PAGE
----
Swiss banks: Thrown to the dogs

Dougan expresses regret

PRIZING discretion as they do, Swiss bankers prefer to avoid the limelight. Especially uncomfortable is the attention of the United States Senate, where a subcommittee headed by Carl Levin has gone after American tax dodgers and their accomplices like a starving hound chasing a fox. A hearing on UBS in 2008 led to a $780m fine for the largest Swiss bank and, in an unprecedented breach of bank secrecy, the handover of names linked to 4,700 accounts. This week it was the turn of Credit Suisse, the Alpine country’s other banking giant, to answer questions stemming from a scathing 175-page report.The subcommittee found much evidence of subterfuge in 2001-08, some of it provided by former Credit Suisse clients who had joined a voluntary-disclosure programme. Private bankers went out of their way to avoid paper trails. Some snuck into America on tourist visas. Others told clients not to send faxes with American area codes. Transactions were split into amounts that would not trigger reporting requirements for cash transfers. Clients were helped to disguise account ownership using shell companies.The bank did not...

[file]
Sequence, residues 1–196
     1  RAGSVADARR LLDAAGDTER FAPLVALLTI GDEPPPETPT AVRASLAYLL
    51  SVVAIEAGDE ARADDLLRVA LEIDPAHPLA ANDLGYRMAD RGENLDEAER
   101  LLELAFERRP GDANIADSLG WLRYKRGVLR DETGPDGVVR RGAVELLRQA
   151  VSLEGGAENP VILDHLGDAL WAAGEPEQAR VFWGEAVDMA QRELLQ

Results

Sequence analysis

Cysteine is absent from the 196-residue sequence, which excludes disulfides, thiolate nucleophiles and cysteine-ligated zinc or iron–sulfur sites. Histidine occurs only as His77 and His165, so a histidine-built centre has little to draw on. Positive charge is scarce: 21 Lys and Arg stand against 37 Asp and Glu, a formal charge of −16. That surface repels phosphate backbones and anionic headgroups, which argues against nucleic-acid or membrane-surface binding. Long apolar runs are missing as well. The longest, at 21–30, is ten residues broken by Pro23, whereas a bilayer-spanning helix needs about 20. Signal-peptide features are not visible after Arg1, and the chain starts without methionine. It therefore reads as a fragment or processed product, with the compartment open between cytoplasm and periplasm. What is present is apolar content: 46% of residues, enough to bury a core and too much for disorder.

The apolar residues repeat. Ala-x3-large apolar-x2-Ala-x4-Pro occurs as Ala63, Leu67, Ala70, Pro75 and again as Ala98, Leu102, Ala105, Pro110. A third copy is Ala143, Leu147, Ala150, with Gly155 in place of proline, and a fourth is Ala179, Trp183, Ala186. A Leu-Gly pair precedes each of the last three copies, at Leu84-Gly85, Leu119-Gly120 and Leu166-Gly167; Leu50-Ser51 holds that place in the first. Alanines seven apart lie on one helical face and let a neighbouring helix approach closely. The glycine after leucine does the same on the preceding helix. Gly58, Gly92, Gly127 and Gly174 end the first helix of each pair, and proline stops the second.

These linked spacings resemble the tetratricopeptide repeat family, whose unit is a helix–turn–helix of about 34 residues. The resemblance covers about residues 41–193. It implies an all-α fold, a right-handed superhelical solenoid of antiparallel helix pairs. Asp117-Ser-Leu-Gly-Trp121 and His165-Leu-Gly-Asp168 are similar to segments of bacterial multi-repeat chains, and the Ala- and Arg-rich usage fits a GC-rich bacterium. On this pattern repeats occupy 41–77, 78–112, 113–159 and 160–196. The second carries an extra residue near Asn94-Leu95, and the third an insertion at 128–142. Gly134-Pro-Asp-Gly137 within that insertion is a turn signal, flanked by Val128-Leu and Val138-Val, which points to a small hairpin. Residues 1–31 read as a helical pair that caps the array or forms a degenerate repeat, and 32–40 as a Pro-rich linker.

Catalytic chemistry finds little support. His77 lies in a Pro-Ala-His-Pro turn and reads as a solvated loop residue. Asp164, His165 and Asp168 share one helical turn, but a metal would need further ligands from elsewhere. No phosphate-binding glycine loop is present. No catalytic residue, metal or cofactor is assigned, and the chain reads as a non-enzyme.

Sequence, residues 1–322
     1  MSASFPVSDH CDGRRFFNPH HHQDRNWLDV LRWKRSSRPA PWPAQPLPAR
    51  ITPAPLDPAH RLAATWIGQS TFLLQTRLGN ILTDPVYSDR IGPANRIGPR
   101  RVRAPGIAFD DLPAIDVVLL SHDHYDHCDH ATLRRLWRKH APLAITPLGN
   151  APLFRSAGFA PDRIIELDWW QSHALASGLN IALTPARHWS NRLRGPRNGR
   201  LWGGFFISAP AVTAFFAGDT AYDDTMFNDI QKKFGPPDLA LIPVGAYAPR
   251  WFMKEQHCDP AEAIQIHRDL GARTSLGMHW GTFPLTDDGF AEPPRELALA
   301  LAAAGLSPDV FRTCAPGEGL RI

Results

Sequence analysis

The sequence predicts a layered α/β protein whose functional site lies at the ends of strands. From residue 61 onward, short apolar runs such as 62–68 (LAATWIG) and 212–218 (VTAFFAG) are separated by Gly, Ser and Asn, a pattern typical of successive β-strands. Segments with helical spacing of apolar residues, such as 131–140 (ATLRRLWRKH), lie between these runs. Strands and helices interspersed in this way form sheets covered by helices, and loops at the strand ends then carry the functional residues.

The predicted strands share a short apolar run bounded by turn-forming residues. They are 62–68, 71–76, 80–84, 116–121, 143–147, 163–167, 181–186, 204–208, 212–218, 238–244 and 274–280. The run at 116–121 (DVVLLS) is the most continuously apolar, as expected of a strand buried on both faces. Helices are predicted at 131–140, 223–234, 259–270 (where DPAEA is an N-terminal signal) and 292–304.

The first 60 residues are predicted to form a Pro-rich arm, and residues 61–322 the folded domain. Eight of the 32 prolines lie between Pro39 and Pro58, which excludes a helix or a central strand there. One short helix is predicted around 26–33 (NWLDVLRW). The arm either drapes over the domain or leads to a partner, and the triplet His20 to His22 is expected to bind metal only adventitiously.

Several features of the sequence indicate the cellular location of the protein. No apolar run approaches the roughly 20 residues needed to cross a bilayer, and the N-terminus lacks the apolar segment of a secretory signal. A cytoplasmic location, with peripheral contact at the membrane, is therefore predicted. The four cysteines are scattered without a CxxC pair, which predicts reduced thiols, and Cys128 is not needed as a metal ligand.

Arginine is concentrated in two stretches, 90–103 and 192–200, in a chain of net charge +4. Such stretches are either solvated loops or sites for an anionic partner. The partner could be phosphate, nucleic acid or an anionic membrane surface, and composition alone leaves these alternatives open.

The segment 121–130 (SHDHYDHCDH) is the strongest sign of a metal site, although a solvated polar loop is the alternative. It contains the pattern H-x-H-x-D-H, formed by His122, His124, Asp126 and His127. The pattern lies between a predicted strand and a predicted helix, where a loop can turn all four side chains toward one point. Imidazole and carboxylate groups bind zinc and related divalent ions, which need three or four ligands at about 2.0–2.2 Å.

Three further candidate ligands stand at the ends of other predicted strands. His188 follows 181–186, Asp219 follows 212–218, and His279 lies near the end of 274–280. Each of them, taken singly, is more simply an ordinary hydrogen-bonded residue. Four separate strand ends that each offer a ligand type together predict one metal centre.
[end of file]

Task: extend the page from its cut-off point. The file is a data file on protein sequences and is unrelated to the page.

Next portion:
via The Economist: Finance and economics Business Feeds

0 nhận xét:

Post a Comment